MARSH MAN MASSON: Hitting The Crab Jackpot!

Blue crabs are ever-present along our coast and in our marshes, but in the wintertime, they get as lethargic as an Antifa member at his minimum-wage job. Low water temperatures mess with the brains of the cold-blooded creatures, causing them to feel constant slumber is far more important than actually eating.

That changes with the rising sun angle of spring. As waters warm, the same crabs that thought food wasn’t worth the chewing suddenly can’t get enough of it, and they move with the currents throughout the ecosystem devouring anything too slow — or dead — to make a retreat.

That tendency only intensifies in the summer, making this the most productive season to target blue crabs. For all my life, it’s been a rite of the season, and one I cherish.

My daughter, Taylor, has been crabbing with me since before she was able to even pull in the nets. Now a full-time teacher and more than full-time mother, she isn’t able to go with me as much as she once did, but a break in her schedule gave us a window on Memorial Day.

We got up super early, launched out of Chef Pass, and quickly made our way in the pre-dawn hours to a deep channel that the crabs often use as an early morning corridor.

A strong falling tide upped my confidence, but screaming southeast winds had a me a little concerned about our net-retrieval routine. Not only that, but I knew every owner of a boat in Southeast Louisiana would be on the water that day, and some would be looking to crab in the exact spot we were (some idiot keeps showing the area on YouTube).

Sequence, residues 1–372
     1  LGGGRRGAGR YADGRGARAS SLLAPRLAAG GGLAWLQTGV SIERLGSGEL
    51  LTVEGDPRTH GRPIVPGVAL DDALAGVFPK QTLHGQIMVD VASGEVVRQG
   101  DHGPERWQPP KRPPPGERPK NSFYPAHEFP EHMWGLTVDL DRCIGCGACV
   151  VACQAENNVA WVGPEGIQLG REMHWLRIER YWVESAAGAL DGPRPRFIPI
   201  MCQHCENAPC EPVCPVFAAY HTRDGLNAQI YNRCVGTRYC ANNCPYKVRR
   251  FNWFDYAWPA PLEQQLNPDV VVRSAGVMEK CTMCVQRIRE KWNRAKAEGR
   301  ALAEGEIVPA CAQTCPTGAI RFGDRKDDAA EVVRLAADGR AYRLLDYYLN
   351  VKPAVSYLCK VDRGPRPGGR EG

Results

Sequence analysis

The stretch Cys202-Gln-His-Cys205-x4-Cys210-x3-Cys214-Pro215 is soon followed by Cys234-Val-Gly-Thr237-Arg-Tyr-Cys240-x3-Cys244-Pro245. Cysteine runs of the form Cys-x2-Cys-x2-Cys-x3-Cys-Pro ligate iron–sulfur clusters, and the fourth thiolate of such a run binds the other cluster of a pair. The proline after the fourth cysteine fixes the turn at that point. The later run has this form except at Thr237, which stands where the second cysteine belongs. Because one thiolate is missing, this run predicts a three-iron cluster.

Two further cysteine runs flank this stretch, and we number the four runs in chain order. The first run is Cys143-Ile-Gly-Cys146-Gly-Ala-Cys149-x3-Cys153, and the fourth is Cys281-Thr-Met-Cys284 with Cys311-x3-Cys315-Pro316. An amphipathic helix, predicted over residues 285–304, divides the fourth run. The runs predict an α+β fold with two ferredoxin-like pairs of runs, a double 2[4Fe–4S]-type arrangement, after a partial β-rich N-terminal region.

Fortunately, however, we had the place to ourselves for the first hour, and by that point, we were already halfway to our target of 100 crabs. About 90 minutes after we arrived, another boat moved in, recognized me, said he learned to crab from watching my videos, and then promptly put his nets within 4 feet of mine. On one of our runs, we sidled up to a net to discover it was only a cork. The other crabber had accidentally run over the net and cut the rope with his prop.

Such are the pitfalls of being on the water on Memorial Day.

No worries, though. We reached our target before 8:30, and headed back home to snag a nap and eat the best food available anywhere in the country.

Check out the video to see all the action.

Like the video? Please give it a thumbs-up, and subscribe to the Marsh Man Masson channel on YouTube. Also, leave a comment below or on the YouTube page.



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